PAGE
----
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Brazilian President Dilma Rousseff speaks as she attends the inauguration of Terminal 3 at Guarulhos International airport in Sao Paulo May 20, 2014. REUTERS/Paulo Whitaker


BRASILIA (Reuters) - President Dilma Rousseff said the Obama administration was not directly responsible for U.S. spying on Brazil and has taken steps toward smoothing over the diplomatic tensions set off by espionage disclosures last year.

In an interview with CNN's Christiane Amanpour broadcast on Thursday, Rousseff said she understood that the Obama administration needed time resolve what was happening and could not immediately provide explanations demanded by Brazil.

Documents leaked by former National Security Agency analyst Edward Snowden revealed that Rousseff's personal phone calls and emails, and those of other Brazilians, had been spied on by secret U.S. eavesdropping programs used to monitor the Internet.

The revelations froze relations between Brazil and the United States. Outraged, Rousseff cancelled a rare state visit to Washington and demanded an apology from President Barack Obama. The United States has publicly regretted the incident but has so far stopped short of issuing a formal apology.

"I do not believe the responsibility for the spying habits lay with the Obama administration. I think this was a process that began after September. 11," Rousseff said on CNN, in reference to the 2001 attacks on New York and Washington that led the United States to tighten security measures and step up surveillance of the Internet to identify terrorist threats.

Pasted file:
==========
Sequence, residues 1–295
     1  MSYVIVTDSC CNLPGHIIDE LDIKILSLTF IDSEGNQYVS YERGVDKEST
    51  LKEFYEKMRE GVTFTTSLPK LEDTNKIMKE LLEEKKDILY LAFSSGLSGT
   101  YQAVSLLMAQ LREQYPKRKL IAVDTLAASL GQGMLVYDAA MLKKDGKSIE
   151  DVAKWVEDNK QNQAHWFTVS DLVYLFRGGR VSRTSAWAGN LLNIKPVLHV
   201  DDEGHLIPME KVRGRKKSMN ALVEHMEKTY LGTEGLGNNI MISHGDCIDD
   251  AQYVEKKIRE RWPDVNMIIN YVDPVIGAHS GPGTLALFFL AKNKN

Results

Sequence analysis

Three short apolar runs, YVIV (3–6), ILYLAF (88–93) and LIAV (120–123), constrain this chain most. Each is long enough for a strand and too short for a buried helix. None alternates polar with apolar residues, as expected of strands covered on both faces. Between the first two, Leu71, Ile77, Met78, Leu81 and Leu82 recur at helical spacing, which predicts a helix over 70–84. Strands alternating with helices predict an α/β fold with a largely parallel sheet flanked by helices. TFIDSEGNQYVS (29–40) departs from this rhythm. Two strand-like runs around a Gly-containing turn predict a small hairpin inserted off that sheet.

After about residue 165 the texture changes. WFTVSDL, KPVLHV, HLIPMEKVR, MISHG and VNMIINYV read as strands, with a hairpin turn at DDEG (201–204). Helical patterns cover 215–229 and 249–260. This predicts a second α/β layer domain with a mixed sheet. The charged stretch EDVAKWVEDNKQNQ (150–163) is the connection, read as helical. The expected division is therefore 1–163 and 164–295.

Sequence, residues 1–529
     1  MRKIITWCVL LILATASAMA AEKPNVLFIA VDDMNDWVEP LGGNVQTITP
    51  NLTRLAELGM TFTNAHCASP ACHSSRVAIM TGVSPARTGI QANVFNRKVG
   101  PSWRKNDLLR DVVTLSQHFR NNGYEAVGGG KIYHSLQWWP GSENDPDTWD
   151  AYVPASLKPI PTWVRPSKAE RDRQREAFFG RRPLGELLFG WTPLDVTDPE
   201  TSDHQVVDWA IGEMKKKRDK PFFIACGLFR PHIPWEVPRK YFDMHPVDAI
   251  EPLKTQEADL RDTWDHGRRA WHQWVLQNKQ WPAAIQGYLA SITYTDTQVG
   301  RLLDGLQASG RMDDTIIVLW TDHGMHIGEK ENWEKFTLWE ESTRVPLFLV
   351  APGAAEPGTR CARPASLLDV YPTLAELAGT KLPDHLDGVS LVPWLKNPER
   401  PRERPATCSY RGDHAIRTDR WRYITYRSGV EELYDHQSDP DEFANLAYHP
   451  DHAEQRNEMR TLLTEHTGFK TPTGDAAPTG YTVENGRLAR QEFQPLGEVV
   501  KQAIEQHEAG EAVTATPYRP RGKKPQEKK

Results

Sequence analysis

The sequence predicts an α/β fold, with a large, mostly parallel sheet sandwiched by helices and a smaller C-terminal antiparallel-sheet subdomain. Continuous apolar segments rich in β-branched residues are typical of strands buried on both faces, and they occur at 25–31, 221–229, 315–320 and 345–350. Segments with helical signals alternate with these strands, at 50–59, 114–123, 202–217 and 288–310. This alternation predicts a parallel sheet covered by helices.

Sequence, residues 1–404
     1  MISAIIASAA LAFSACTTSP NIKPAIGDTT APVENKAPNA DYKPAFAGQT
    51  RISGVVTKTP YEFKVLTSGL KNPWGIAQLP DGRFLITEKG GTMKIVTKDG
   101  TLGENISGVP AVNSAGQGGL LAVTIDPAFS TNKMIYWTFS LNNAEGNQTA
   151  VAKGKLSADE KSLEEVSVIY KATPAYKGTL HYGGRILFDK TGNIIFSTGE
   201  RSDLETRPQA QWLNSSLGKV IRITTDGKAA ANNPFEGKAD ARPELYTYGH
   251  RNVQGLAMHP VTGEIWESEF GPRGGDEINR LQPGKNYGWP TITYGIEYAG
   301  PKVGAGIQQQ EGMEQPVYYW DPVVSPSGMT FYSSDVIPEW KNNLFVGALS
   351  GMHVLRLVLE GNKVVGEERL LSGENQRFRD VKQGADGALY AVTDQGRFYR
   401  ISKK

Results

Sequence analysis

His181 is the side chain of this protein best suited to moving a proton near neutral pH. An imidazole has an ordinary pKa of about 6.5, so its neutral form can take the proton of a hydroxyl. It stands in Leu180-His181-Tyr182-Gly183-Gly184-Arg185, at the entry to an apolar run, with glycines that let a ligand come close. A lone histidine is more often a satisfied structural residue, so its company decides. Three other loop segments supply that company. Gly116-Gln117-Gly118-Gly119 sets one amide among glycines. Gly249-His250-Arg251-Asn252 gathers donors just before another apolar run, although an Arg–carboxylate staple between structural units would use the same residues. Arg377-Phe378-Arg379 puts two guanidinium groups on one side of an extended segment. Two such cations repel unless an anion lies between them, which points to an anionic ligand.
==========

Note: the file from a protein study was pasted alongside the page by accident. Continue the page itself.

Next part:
Rousseff said the U.S. spying on Brazilian citizens and companies was an unacceptable violation of the right to privacy and freedom of expression. Brazil sought guarantees that the spying had stopped but they were not forthcoming, she said.

"At the time, the Obama administration was busy trying to resolve that problem of international espionage and was unable to gives us a reply," Rousseff said.

"Today, I think they have taken several steps," she added, without giving details of what Washington has done on the issue.

In an attempt to put relations with Latin America's largest nation back on track, Vice President Joe Biden visited Rousseff last month and had a "candid" talk about Internet surveillance with the leftist Brazilian leader.

Days earlier, Rousseff told foreign reporters that she was eager to rebuild relations with the United States and said in an interview with the New York Times that she was ready to reschedule her visit to Washington.

(Reporting by Anthony Boadle; Editing by Lisa Shumaker)

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